Among the announcements at Twitter’s first “Chirp” conference for developers this past April was the launch of a new feature called Annotations. But unlike some of the other features that were launched, such as “promoted tweets” or Twitter Places, Annotations aren’t so much a product as a substantial rethinking of the way the service functions on a fundamental level. The changes and extra dimensions they add to Twitter could have a tremendous impact, not just on the social network and the developers and companies who make use of it, but on the way we interact with the web itself.
The new feature will be one of the first large-scale implementations of what the father of the web, Sir Tim Berners-Lee, called the “semantic web.” By that, he meant web technologies that give software and applications a built-in understanding of the relationships between the different elements of the web — that is, everything from web pages to specific pieces of web sites and services. Equipped with these kinds of tools, developers and companies could theoretically create applications and services that allow different pieces of the web to function together and exchange information, and make a whole range of services easier to use and more efficient.
One example used by Berners-Lee is the simple act of getting a cup of coffee with a friend. Instead of having to manage multiple different services or applications — calling or emailing the friend, checking a calendar, looking for a coffee shop nearby, checking a bus schedule — building semantic knowledge into software would allow all of these different applications to talk to each other. You could simply choose a task, such as booking a time in your calendar, and see dates and times that would work for you and your friend, as well as locations and bus routes automatically laid out for you.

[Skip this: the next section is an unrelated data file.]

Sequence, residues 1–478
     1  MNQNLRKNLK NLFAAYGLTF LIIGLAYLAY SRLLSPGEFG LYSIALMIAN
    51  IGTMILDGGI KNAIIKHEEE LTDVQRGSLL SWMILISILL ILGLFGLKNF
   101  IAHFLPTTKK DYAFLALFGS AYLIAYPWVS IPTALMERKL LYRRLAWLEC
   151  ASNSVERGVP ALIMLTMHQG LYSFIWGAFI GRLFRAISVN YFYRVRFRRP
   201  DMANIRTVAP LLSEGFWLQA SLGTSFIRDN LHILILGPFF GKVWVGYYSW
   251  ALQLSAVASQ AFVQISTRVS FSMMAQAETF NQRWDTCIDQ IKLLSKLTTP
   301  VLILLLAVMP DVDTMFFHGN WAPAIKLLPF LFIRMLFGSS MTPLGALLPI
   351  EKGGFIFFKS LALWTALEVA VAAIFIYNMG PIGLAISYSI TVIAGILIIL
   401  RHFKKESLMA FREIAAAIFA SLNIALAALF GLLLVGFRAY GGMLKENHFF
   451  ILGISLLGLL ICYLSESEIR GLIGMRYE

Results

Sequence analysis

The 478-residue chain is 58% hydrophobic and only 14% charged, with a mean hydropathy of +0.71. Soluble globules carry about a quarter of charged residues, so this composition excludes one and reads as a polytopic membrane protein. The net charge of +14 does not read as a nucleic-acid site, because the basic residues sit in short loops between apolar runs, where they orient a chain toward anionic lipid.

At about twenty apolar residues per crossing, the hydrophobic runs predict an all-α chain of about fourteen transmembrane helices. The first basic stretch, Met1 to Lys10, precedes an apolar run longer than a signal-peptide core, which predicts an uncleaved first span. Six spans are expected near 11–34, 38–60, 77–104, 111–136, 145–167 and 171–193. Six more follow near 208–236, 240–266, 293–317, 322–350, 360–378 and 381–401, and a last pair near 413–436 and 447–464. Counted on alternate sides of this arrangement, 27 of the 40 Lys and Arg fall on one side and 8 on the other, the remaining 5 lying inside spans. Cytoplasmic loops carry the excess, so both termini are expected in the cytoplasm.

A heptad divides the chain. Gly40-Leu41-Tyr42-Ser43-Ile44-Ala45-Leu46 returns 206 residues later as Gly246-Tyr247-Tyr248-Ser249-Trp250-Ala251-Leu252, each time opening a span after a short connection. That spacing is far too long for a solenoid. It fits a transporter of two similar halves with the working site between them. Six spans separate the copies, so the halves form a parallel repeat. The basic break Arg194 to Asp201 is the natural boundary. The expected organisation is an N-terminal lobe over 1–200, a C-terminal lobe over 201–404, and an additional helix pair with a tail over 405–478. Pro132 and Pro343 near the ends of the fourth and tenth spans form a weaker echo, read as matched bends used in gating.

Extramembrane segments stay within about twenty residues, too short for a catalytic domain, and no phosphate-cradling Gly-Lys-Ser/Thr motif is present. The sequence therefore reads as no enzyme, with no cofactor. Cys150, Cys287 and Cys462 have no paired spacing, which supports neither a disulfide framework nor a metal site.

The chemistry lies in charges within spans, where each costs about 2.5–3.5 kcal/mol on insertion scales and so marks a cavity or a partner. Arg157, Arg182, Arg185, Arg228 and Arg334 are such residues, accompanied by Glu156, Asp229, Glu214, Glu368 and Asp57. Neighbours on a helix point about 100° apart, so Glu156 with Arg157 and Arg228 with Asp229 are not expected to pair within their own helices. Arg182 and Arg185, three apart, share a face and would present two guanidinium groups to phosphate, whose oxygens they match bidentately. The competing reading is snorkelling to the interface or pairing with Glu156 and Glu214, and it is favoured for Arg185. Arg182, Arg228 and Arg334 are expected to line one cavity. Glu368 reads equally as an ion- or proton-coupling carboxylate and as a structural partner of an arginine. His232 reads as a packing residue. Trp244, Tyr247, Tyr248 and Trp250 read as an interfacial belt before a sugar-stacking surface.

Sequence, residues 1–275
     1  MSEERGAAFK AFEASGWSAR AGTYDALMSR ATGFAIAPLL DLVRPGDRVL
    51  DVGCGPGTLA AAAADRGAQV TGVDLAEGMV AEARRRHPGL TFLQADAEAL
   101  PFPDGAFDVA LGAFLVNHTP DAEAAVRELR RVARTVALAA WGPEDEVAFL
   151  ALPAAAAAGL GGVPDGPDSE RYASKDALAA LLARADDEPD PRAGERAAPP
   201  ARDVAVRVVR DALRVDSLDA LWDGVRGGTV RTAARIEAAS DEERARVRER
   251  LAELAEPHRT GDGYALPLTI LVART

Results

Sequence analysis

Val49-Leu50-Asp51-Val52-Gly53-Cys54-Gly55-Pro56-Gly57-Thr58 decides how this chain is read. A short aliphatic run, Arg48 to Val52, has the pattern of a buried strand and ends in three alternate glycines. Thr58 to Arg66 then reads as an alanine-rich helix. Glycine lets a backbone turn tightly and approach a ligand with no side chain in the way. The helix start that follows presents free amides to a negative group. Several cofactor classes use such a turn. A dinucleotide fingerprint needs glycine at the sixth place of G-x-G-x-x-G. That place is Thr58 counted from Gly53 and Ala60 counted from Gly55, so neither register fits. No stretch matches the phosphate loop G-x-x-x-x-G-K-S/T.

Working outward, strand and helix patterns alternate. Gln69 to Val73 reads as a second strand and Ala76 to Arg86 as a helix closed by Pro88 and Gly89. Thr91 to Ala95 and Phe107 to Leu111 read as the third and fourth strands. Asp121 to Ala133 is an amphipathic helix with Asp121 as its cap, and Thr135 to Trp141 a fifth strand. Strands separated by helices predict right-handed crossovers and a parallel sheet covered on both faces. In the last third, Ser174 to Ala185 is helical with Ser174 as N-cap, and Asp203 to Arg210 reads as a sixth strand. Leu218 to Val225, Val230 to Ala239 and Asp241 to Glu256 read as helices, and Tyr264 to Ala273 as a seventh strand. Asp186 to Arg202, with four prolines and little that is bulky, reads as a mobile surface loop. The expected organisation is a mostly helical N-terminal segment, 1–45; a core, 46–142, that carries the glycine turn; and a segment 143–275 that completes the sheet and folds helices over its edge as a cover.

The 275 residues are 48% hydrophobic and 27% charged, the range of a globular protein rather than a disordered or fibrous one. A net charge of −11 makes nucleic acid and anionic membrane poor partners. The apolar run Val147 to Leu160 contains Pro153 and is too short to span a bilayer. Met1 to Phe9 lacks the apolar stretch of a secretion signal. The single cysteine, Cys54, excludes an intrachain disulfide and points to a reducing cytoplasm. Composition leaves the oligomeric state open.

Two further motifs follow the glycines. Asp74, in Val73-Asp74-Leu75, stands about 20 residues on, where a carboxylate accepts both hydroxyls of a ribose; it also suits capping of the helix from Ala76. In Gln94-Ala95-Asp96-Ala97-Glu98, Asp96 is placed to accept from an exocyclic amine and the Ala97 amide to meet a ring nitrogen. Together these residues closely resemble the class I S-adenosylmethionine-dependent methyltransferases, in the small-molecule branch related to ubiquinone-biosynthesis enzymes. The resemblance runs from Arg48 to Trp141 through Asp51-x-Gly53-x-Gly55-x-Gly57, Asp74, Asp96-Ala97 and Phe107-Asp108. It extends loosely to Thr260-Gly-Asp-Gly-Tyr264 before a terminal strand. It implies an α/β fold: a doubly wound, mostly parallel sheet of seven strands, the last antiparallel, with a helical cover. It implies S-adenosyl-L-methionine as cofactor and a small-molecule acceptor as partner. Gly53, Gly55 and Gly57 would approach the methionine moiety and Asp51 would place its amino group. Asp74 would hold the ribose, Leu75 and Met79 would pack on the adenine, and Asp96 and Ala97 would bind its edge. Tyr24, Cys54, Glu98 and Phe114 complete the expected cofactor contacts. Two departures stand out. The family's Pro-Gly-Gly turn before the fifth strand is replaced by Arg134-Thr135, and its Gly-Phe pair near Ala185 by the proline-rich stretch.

While Annotations won’t make this high of a level of integration possible (at least not right away), the underlying principle is the same: Additional information, attached to an action, adds meaning to the behavior of users and can be interpreted in some way by software. The feature is expected to launch sometime later this year and will allow developers to add that additional information to a tweet. That might include a keyword, a string of text, a hyperlink, a geographic location or virtually anything else. These pieces of “metadata” won’t affect the character count of the original tweet, but will be carried along with it through the network and eventually be decoded, aggregated and filtered by a variety of applications or services (or by Twitter itself).
In a piece recently published at GigaOM Pro (subscription required), I look at some of the potential applications of Annotations, and what the technology implies about the future of the semantic web. Please check out the full report.